“Para trás fica o Portugal rural, com as suas cidades e aldeias envelhecidas, onde prolifera o desemprego e o abandon das infraestruturas.”
Some startling statistics from (the bank) Montepio’s *magazine:
> In 2018, more than 40% of Portugal’s population lived in the Lisbon and Porto metropolitan areas—a trend which will continue to rise.
> To maintain its population, Portugal will need 50,000 new inhabitants per year—all the way through 2040.
> Cities and towns in the country’s interior – especially those close to the border – need at least 10,000 people per year over the next two decades to put a stop/hold to their population decline.
> 60% of Portugal’s people live within 25 kilometers of the coast.
The author asks: Can technology – including broadband digital access and telecommuting or working from home – reverse the cycle of rural exodus by building new, sustainable societies from the north to the south of interior Portugal?
Vacating age-old villages isn’t an occurrence isolated to Portugal. In Spain, France, Italy and other countries, too, the same fate occurs: small and remote locations are left to decline, decay, and loss when young people leave seeking jobs and opportunities elsewhere, leaving only the elderly to cope with the dwindling resources that remain.
While many immigrants and expats enjoy the expansive lifestyle afforded by beaches and life’s little luxuries found in major municipalities and metropolises like Lisbon, Porto, Algarve, and even Coimbra – mirrored by comparable cities in Spain – others (perhaps even more of us) are attracted to the charm of Iberia’s interior villages and life off-the-grid on organic quintas, fincas, and farm land.
Through its “Work in the Interior” program launched February 3, 2020, Portugal’s government is offering financial incentives of up to €4,800 to anyone – workers and students, especially – who will help to repopulate the region. To encourage hiring, financial support will also be given to business and companies.Due to its popular “Golden Visa” program which encouraged foreigners to invest in Portuguese real estate, Lisbon, Porto, Algarve and other coastal cities have become too expensive for the Portuguese people. With all of the positive publicity about Portugal, buying property in these areas above others continues to be popular (even though the government recently revised and removed many of the program’s potential benefits).
Some, like the article’s author, propose that broadband digital will figure prominently in the regentrification of Portugal’s interior–by creating telecommuting jobs and work-from-home opportunities. Perhaps that might be a bright side to the current Covid-19 pandemic: Historically and traditionally, Portuguese companies have been hesitant to embrace new ways of working. Maybe now, their reluctance might be minimized after having experienced their labor force working off-site remotely and successfully.
Financial inducements and greater penetration of speedy and accessible broad bandwidth are but two of the tools being considered and implemented to bring back a flourishing interior. But there’s another, more integral and resourceful option that shouldn’t be overlooked … one that real estate and property agents are well familiar with: location, location, location.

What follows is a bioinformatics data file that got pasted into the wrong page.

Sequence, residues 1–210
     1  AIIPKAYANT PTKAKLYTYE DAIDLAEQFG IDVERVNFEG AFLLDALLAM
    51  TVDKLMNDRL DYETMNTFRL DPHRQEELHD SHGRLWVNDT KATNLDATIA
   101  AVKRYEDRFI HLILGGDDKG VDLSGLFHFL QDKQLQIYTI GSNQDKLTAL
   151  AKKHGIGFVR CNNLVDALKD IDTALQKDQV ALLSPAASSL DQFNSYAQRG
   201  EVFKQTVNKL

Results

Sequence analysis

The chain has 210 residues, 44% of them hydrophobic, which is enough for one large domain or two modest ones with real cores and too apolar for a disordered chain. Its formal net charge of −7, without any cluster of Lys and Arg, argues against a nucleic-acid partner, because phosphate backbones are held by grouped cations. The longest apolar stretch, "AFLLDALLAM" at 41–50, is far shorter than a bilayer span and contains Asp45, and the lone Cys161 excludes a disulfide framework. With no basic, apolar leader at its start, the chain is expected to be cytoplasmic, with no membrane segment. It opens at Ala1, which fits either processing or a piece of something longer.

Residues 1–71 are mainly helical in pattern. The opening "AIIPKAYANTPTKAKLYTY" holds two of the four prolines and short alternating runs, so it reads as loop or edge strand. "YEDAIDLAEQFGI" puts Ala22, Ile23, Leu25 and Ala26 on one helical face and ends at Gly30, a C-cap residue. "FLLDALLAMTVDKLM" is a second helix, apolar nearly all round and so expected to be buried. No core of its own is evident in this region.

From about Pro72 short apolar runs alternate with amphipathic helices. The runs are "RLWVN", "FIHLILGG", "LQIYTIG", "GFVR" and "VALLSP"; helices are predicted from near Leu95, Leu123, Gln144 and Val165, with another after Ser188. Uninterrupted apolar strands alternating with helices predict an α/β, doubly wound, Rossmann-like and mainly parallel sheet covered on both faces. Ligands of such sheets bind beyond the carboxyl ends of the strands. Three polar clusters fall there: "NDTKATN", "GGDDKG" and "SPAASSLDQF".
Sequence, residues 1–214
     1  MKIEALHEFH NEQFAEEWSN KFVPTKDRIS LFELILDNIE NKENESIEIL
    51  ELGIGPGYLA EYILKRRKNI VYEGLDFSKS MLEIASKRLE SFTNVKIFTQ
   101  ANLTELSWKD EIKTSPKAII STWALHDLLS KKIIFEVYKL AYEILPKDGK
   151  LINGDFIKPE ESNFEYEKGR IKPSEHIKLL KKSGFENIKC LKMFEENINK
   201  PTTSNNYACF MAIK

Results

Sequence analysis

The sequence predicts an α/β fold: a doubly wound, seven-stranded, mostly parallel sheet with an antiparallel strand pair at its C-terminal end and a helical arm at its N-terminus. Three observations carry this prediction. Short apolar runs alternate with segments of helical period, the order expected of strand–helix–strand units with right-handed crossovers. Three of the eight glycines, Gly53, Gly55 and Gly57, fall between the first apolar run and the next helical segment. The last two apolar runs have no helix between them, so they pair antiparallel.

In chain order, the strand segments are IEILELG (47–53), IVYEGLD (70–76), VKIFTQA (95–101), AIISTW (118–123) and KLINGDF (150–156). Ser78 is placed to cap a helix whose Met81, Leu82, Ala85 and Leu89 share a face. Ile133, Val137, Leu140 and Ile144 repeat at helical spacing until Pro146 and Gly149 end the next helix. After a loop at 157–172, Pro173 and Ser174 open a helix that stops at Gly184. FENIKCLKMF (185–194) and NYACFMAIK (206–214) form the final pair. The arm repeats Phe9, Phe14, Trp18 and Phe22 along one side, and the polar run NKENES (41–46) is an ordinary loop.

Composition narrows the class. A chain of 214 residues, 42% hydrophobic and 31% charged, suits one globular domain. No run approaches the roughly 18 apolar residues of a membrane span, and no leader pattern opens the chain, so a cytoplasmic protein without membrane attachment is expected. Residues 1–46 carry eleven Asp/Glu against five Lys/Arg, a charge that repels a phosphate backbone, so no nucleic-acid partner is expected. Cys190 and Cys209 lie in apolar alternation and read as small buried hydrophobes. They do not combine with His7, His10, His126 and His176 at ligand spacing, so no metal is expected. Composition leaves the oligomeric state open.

Look no farther than Portugal’s next-door neighbor, Spain, whose capital is quite centrally located. Sure, there are plenty of places from north to south and east to west with large, self-sustaining municipalities and resort areas — notably Málaga, Valencia, Alicante, Bilbao, and Barcelona — but the interior regions — Sevilla, Granada, Córdoba, Burgos, Badajoz, Toledo, Salamanca — do equally well, supporting their nearby towns and villages.
More to the point, consider Brazil. The largest Portuguese-speaking country in the world created a completely different solution: Founded on April 21, 1960 to serve as the country’s new national capital, Brasilia was planned to move the capital from Rio de Janeiro to a more central location atop the Brazilian highlands in Brazil’s central western region. With a unique status, Brasilia is an “administrative division,” rather than a legal municipality. The novel city’s accession as the new capital of the country prompted the development of an extensive interior region.
According to Brazil’s 1960 census, there were almost 140,000 residents in this new federal district. By 1970, this figure had grown to 537,000. By 2010, its population surpassed 2.5 million. Seeking public and private employment, Brazilians from all over the country migrated to Brasilia’s satellite cities, towns, and villages.
Why can’t Portugal consider doing something similar?
Leave Lisbon (and all its attractions) where it is, along with its problematic airport. People will still want to live there, as well as in its affluent outskirts like Cascais and Estoril. But reduce the congestion, pollution, and skyrocketing prices by moving the government and its operations elsewhere … to the country’s interior.
Many factors would need to be taken under consideration and the country’s core would compete for the privilege of hosting a new capital city in Portugal, boosting employment, infrastructure, and prosperity in the process.
Which of Portugal’s interior regions would best suit these purposes?
My own personal favorite, of course, would be Castelo Branco!
* “O digital pode salvar as cidades do interior?” Texto: Carlos Martinho. Inverno 2020 (#33)
Shared here are personal observations, experiences, and happenstance that actually occurred to us as we moved from the USA to begin a new life in Portugal and Spain. Collected and compiled in EXPAT: Leaving the USA for Good, the book is available in hardcover, paperback, and eBook editions from Amazon and most online booksellers.